Rainfall deficiencies and water availability

Little change to rainfall deficiencies in Queensland; April rainfall low for south-east Australia

Rainfall for April 2021 was below average for most of mainland Australia, and for New South Wales it was the equal-eighth-driest April on record and for South Australia it was the seventh-driest April on record. Rainfall for the month was above average for Queensland's Cape York Peninsula and adjacent northern Queensland, and around most of the west and north-west coast of Western Australia. For the areas of Queensland's Capricornia and Wide Bay and Burnett districts, where serious or severe rainfall deficiencies exist, April rainfall was mostly close to average resulting in little change in existing deficiencies.

Deficiencies for the periods January 2017 to present and January 2018 to present still exist over very large parts of the country. More rainfall is needed over an extended period to continue the recovery from the extended dry conditions of 2017 to 2019.

The Climate Outlook, issued 6 May 2021, indicates that June to August rainfall is likely to be above average for much of the eastern two-thirds of mainland Australia. Areas in the west, north and far south-east of Australia have roughly equal chances of above or below average rainfall. Winter is generally a drier time of the year for northern Australia.

At the 3-month timescale, February–April 2021 rainfall was below average for large areas of western Victoria, south-west New South Wales, and south-east South Australia although, as mentioned, these months typically see low rainfall totals in areas such as Victoria's Mallee and South Australia's Mid North.

The Bureau will continue to monitor rainfall over the coming month and season, particularly in parts of south-east Australia which typically see their transition from the climatologically driest part of the year during January to April to wetter conditions in the cool season, from May.

13-month rainfall deficiencies

Serious or severe rainfall deficiencies for the 13-month period April 2020 to April 2021 persist in the Capricornia and Wide Bay and Burnett districts in Queensland. While areas further north largely received above average rainfall for the month, for areas of Queensland with serious or severe rainfall deficiencies, rainfall was mostly close to average. Compared to the previous Drought Statement, deficiencies have increased in the south of the region, extend further inland in the north, and have lessened around the south-west of the Capricornia District.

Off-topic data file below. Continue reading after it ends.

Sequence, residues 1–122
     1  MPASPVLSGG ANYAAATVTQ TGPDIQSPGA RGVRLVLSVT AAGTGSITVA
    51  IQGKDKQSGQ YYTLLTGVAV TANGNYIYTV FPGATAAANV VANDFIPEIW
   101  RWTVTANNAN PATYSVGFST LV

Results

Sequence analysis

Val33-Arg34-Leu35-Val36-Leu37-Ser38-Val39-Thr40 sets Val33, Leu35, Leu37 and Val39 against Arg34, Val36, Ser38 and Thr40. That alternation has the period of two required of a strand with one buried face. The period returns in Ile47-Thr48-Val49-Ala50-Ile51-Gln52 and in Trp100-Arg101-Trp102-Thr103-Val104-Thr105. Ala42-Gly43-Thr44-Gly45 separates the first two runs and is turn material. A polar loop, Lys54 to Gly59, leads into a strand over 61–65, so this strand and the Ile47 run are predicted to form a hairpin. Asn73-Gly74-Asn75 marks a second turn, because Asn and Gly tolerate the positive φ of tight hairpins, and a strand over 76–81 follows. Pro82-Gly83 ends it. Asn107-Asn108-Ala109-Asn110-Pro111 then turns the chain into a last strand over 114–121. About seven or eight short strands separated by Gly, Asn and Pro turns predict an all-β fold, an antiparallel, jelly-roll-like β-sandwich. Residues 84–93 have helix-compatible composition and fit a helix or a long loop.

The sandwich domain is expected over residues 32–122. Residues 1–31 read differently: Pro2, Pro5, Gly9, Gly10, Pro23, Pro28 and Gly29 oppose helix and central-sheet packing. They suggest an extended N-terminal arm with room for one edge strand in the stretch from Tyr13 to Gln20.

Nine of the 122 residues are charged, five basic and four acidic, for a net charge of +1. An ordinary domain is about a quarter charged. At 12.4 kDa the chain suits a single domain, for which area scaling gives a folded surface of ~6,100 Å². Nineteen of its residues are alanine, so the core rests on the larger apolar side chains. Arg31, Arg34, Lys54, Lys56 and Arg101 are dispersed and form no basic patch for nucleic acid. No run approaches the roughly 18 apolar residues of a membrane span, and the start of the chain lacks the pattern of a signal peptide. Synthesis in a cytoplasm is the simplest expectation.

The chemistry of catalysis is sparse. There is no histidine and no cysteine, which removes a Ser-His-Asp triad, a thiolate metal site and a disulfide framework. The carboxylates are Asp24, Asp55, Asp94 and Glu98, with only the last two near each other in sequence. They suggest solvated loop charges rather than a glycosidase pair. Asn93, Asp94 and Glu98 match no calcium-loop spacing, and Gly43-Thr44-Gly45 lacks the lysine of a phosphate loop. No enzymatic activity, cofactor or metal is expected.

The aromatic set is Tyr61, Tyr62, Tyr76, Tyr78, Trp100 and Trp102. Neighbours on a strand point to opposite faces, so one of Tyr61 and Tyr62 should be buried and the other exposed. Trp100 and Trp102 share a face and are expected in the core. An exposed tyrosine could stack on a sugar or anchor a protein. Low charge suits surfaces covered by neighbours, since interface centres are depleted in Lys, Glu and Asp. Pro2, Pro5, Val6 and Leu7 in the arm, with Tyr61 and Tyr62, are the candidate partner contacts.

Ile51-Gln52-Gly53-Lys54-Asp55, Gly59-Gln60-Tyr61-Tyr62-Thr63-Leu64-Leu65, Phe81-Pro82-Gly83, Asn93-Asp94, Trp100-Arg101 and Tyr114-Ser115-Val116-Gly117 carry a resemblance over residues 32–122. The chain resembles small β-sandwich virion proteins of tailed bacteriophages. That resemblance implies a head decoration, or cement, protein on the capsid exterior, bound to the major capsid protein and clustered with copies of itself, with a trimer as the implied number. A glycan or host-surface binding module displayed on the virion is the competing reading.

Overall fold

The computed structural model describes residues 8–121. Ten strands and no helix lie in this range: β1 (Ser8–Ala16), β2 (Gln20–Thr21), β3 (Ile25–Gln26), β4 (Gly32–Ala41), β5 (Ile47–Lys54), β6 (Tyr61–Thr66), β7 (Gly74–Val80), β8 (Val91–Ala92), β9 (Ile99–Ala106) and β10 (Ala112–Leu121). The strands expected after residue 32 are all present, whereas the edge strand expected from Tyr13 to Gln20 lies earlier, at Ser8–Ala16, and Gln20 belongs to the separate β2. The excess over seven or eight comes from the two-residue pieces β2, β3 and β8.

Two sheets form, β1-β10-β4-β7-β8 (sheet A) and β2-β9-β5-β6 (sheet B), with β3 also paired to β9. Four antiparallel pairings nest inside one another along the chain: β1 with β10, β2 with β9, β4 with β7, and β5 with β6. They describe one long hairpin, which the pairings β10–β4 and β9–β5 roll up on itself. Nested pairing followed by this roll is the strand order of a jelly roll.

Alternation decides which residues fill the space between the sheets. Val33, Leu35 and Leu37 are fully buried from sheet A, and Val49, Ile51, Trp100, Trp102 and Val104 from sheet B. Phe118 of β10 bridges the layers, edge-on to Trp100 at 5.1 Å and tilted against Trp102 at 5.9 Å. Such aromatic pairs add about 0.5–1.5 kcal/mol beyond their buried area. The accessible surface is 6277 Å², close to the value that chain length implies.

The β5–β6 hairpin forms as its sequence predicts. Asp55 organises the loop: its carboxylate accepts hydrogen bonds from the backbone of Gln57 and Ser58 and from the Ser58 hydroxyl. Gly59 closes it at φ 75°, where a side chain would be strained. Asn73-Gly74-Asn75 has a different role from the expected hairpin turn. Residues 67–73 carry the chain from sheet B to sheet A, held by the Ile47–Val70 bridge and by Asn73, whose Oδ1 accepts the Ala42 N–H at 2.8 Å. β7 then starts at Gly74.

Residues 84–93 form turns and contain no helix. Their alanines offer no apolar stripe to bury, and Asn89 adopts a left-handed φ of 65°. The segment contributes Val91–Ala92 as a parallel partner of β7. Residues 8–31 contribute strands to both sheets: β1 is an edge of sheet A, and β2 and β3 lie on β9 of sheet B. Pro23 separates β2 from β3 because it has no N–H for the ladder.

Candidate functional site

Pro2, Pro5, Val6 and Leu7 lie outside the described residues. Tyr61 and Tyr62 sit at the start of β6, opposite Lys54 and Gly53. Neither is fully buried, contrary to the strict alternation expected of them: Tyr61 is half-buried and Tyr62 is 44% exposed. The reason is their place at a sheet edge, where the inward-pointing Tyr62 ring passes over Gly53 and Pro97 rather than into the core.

Extended dry conditions over eastern Australia

Australia has experienced a prolonged period of below average rainfall spanning several years. Persistent, widespread, above average rainfall is needed to further lift areas out of deficiency at the multi-year timescales and provide relief from the impacts of this long period of low rainfall, such as by further recharging water storages.

Rainfall deficiencies have affected much of Australia since January 2017. Multi-year rainfall deficiencies and their impact on the Murray–Darling Basin are discussed in Special Climate Statement 70 and the dry conditions over Eastern Australia for the period commencing January 2018 are described in Special Climate Statement 66. The strip along the west and south coasts of Western Australia has also been affected by rainfall deficiencies for the periods commencing January 2017 and January 2018.

For periods longer than 24 months, the greatest impact of the prolonged below average rainfall has been in the cooler months of April to October. Rainfall in 2020 and in early 2021 saw improvement across many areas, though April was drier than average across much of mainland Australia and particularly the south-east.

The role of climate change in rainfall reduction over southern Australia and along the Great Dividing Range is discussed in State of the Climate 2020. Parts of south-west, south-east, and eastern Australia—including parts of south-east Queensland and southern and eastern New South Wales—have seen substantial declines in cool-season rainfall in recent decades.

Soil moisture

Compared to last month, root-zone soil moisture (in the top 100 cm) has decreased for much of southern mainland Australia.

Soil moisture was below average for western Victoria, south-west New South Wales, and south-east South Australia, and for a large area stretching from south-east Western Australia into the interior of that state.

Soils were wetter than average for the month across much of New South Wales except in the south-west, southern parts of Queensland, the northern parts of South Australia, the south and west of the Northern Territory, and the Kimberley and parts of the west coast of Western Australia.

The influence of very low rainfall over longer timescales is still evident in the 19-month soil moisture for October 2019 to April 2021, which was very much below average over large areas, predominantly in the southern half of Western Australia, but also in parts of Queensland extending from the east coast through central and northern Queensland to the Northern Territory border, and in western Victoria.

  • Rainfall deficiencies in Queensland similar to those for the period to March 2021
  • Accumulated rainfall deficits at multi-year timescales remain significant in many parts of Australia, and may persist for some time
  • Water storage levels in the northern Murray–Darling Basin continued to increase during April
  • Northern Australia water storage levels remained above 80% of accessible capacity during April
  • South East Queensland water storage levels remain low
  • Groundwater levels have improved in the Murray–Darling Basin and northern Australia

Storage levels in the northern Murray–Darling Basin continued to increase

In response to heavy rainfall that fell over the northern Murray–Darling Basin during the second half of March, soil moisture levels remain above average to very much above average in April. This has brought great relief to the drought affected areas in the New South Wales Border Rivers, Namoi and Gwydir catchments. In contrast, soil moisture levels were below average to very much below average in the southern Murray–Darling Basin due to the below average to very much below average rainfall in April.